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How to start investing in stocks


You don’t have to be a seasoned investor to buy stocks.

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Stock investing can help build wealth by making your money work for you. And you don’t have to be a financial whiz to do it. While you can eventually dive deep into complex techniques if you want, getting started just takes some time, thought, and knowledge of basic concepts.

In this article, we’ll guide you through a step-by-step process to start investing in stocks, including defining some key terms you should know.

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How to start investing in stocks

Investing in stocks doesn’t have to be difficult. Follow these steps to get started today.

1. Choose an investment method

The first step is to decide how you want to manage your investments. How much time do you want to spend on investing? How hands on do you want to be? You have three options to choose from:

Manage your own portfolio: Also known as active investing, managing your own portfolio leaves all the choices up to you. You decide which stocks to buy and when to trade. This method is best suited for experienced investors who are willing to commit significant time to their investments, so beginners are better off choosing one of the two options below.A broker uses: It is a form of passive investing. You rely on an experienced portfolio manager who chooses the best investments for your goals, monitors your portfolio and adjusts it as needed. If you are new to investing, becoming a broker can be a great way to get started.A robo-advisor uses: Robo-advisors are another form of passive investing. You identify your investment goals and risk tolerance and the service automatically manages your portfolio for you. Robo-advisors tend to be less expensive than human advisors and are a great option if you want to “set it and forget it.”

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2. Create an investment budget

The next step is to determine how much you want to — and can afford — to spend on the investment. Review your monthly budget to make sure you have enough money to spend on your daily expenses, savings and investments. You don’t have to invest a huge amount. The important thing is to start early so that your investment has more time to grow.

Once you’ve identified your investment budget, you’ll also want to consider asset allocation. It is important to include a mix of asset classes (such as stocks, bonds and gold) in your portfolio to reduce risk. When it comes to what percentage of your portfolio you put in stocks, the rule of thumb is to subtract 100 from your age. So, if you are 40, 60% of your portfolio should be stocks.

No matter how much you decide to invest, you have plenty of options, from individual stocks (which can cost from a few dollars to hundreds of thousands of dollars) to exchange-traded funds (ETFs) (which can cost as little as $100).

3. Open an investment account

Next, it’s time to open an investment account. If you want to actively manage your portfolio, an online brokerage account will allow you to hand-pick your investments. If you prefer to use a broker, a managed broker account lets you leave the work to an investment advisor.

A robo-advisor is a more affordable alternative to a human investment manager. Like traditional brokers, robo-advisors gather information from you to identify your needs and goals, then build and adjust your portfolio. Because their services are automated, their fees are lower than human brokers and they don’t charge commissions. However, if you prefer to speak to someone for more nuanced advice, a broker may be worth it to you.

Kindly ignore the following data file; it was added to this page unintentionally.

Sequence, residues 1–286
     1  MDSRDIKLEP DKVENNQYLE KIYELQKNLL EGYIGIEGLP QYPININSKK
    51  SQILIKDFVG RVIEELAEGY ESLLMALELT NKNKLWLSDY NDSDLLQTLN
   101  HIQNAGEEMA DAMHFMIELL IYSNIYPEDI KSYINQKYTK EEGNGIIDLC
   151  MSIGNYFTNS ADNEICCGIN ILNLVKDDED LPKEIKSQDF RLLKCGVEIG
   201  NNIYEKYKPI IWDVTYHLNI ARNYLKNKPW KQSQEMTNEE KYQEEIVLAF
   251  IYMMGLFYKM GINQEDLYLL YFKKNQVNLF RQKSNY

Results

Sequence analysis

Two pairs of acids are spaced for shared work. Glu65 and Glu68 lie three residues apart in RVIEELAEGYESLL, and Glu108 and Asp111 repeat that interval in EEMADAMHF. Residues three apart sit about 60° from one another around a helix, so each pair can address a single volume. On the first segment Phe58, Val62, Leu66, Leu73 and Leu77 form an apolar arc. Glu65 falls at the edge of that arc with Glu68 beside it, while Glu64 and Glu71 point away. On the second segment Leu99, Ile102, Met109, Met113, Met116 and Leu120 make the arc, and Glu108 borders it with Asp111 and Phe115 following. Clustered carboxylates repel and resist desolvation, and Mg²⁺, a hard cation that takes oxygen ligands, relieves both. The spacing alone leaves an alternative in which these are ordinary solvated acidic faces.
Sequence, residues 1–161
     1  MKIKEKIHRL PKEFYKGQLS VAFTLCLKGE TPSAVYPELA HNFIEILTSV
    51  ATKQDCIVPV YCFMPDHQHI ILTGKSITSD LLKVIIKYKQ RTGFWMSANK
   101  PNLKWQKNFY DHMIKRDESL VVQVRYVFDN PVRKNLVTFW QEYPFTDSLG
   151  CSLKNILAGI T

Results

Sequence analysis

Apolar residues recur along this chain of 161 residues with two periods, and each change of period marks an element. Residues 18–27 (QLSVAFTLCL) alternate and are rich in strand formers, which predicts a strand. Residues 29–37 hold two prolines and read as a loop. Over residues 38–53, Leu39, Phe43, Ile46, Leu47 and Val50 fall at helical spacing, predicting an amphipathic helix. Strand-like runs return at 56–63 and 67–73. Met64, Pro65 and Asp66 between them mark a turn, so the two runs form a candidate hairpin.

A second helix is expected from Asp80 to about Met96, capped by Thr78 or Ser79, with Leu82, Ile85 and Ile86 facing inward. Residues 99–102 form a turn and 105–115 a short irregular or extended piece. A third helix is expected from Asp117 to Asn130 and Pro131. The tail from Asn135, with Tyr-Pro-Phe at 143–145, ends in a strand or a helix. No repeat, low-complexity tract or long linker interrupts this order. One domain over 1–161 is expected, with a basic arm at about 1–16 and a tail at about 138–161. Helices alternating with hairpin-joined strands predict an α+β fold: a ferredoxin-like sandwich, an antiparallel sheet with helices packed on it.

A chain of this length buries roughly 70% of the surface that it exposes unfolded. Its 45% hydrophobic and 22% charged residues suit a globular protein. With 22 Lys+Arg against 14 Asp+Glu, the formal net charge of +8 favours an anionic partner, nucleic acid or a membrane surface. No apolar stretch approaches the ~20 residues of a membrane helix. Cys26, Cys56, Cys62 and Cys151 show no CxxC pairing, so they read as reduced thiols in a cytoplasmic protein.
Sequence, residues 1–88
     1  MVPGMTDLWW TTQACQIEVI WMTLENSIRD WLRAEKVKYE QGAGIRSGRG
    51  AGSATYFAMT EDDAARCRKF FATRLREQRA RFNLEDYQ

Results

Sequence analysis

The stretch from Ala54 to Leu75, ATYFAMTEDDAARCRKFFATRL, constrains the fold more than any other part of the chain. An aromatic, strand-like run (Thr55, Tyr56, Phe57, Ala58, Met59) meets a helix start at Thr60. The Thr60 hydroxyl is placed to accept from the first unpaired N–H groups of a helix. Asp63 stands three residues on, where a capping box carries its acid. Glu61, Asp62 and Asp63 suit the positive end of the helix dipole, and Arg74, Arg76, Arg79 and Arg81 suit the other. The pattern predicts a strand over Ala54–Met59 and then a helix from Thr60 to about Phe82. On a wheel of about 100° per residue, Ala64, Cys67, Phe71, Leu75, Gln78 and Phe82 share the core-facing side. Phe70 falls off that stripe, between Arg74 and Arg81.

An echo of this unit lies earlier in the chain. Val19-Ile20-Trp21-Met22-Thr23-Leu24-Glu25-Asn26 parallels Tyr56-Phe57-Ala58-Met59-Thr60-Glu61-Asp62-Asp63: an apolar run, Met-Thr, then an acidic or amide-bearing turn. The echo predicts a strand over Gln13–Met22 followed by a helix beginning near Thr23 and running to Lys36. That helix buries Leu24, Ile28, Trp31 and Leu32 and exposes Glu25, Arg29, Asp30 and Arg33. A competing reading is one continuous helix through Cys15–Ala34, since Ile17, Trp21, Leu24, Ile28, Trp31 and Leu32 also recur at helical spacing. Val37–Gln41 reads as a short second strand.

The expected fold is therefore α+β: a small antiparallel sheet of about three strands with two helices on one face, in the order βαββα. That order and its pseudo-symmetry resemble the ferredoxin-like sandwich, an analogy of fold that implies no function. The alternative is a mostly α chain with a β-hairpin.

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4. Choose what to invest

Note: This step is only for DIY investors who choose to actively manage their portfolio.

If you’re going the hands-on route, you should know the different types of investments available to you:

Personal Stock: When you buy individual stock shares, you are investing in the success of the company in question. Your success directly depends on the company’s success. For this reason, it is essential to research every company you are considering investing in. This is best left to experienced investors.Consolidated Capital: Mutual funds are pooled investment funds that allow you to invest in a collection of stocks, diversifying your portfolio across industries, regions and more. Mutual funds are usually actively managed by a professional manager who buys and sells stocks based on their expertise.Exchange-Traded Funds (ETFs): ETFs work similarly to mutual funds but are typically passively managed by tracking a major stock index. They can be a great way for beginners to get involved in the stock market because they are generally less expensive and more tax-efficient than mutual funds.

5. Periodically review your portfolio

Whether you’re actively managing your portfolio or using a broker or robo-advisor, it’s important to monitor your investments to ensure you’re on track to reach your goals. For example, you may decide you want to invest more, diversify into a new industry or sector, or transition to more conservative investments near retirement. So, periodically review the performance of your portfolio to see if it is achieving what you want.

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Bottom line

Investing in stocks doesn’t have to be scary. Start slow, continue to educate yourself, and don’t be afraid to ask questions as you go. There are plenty of resources to tap into to build your knowledge. Consult a financial professional for customized guidance on building a portfolio that meets your needs.

MoneyWatch: Managing Your Money

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